Press release

As Dominique Strauss-Kahn takes up his post in Washington...

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, by CADTM

As Dominique Strauss-Kahn takes up his post in Washington, CADTM demands
full acknowledgement of the consequences of IMF operations since its

Today, November 1 2007, Dominique Strauss-Kahn takes up his post as managing
director of the the IMF after a long, skilfully orchestrated process:
nomination by Nicolas Sarkozy in order to further weaken political
opposition in France; swift approval of his nomination by the 27 countries
of the EU so as to silence criticism of the tacit rule that systematically
awards the directorship of the IMF to a European (in exchange for
directorship of the World Bank by an American); a campaign through dozens of
countries driven by a costly communications agency on the theme of the
“reform” of the IMF and its support of poor countries; the surprise
appearance of another candidate (the Czech Josef Tosovsky) who had not the
slightest chance of being selected but who helped create the semblance of a
democratic process; and finally, the selection by unanimous agreement of
Dominique Strauss-Kahn.

CADTM denounces this much-publicized hat trick aimed at concealing the IMF’s
very real legitimacy crisis. The countries of the South no longer want to
call on the IMF because of the inevitable and brutal after-effects they will
have to suffer. Many of these countries (including Brazil, Argentina and
Indonesia) have even paid off their debt to the IMF in advance to rid
themselves of its burdensome protection – to such an extent that the IMF can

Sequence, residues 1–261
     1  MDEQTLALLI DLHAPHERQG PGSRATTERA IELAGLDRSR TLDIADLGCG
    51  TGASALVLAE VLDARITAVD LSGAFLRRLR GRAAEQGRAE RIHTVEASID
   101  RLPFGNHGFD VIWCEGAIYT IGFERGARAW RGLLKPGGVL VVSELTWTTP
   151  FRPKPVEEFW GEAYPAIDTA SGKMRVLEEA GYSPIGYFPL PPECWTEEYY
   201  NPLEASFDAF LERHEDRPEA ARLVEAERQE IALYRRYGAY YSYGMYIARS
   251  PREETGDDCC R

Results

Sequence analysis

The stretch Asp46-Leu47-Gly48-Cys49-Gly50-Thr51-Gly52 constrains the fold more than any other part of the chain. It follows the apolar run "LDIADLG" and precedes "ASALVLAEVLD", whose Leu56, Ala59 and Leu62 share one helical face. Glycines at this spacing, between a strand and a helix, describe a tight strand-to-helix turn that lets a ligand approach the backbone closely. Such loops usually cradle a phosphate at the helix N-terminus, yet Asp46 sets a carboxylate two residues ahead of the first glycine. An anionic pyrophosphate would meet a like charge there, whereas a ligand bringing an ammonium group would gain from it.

no longer cover its operating expenses and sees its very future at risk.
This explains the necessary “reform” which, rather than bring democratic
change that would benefit the poorest, is designed to ensure the IMF’s
survival and counter the strong opposition now being voiced all over the

For CADTM, there is no doubt than an exhaustive audit of the IMF is long
due. As an institution, the IMF has, for over 60 years, been co-ercing the
heads of so-called “developing” countries to implement economic measures
that serve the interests of rich creditors and major corporations. For
several decades, the IMF has given vital support to many despotic and
corrupt regimes, from Pinochet in Chile to Suharto in Indonesia, from Mobutu
in Zaire to Videla in Argentina, and still today from Sassou Nguesso in
Congo-Brazzaville to Idris Deby in Chad, to mention only some. Since the
debt crisis of the early 1980s, the IMF has ruthlessly imposed structural
adjustment programmes with dramatic consequences for the people of the
South: drastic cuts in social spending and subsidies for products of basic
necessity, the opening up of markets and the introduction of unfair
competition between small producers and multinationals, export-oriented
production, forfeiture of the principle of food sovereignty, massive
privatization, taxation that widens the gap between rich and poor, etc.

The time has come for the IMF to be called to account. No institution can
place itself above the authority of international documents and treaties,
and yet the IMF, through its Articles of Agreement, grants itself total
legal immunity. No reform of the IMF can be undertaken without the approval
of the United States, which possesses an absolutely unacceptable power of
veto. Therefore any proposed reform that would modify the international
balance of power will be blocked by those who represent the financial
heavyweights. In the view of CADTM, these factors preclude any possibility
of acceptable change within the IMF.

In this context, there can be only one solution: since the IMF has clearly
demonstrated its failure to deliver in terms of human development, but
cannot be made to account for its actions over the last 60 years, CADTM
demands its abolition and its replacement by a transparent and democratic
institution whose mission will center on the guaranteed respect of
fundamental rights.


Damien Millet, president of CADTM France, france

Eric Toussaint, president of CADTM Belgium, international

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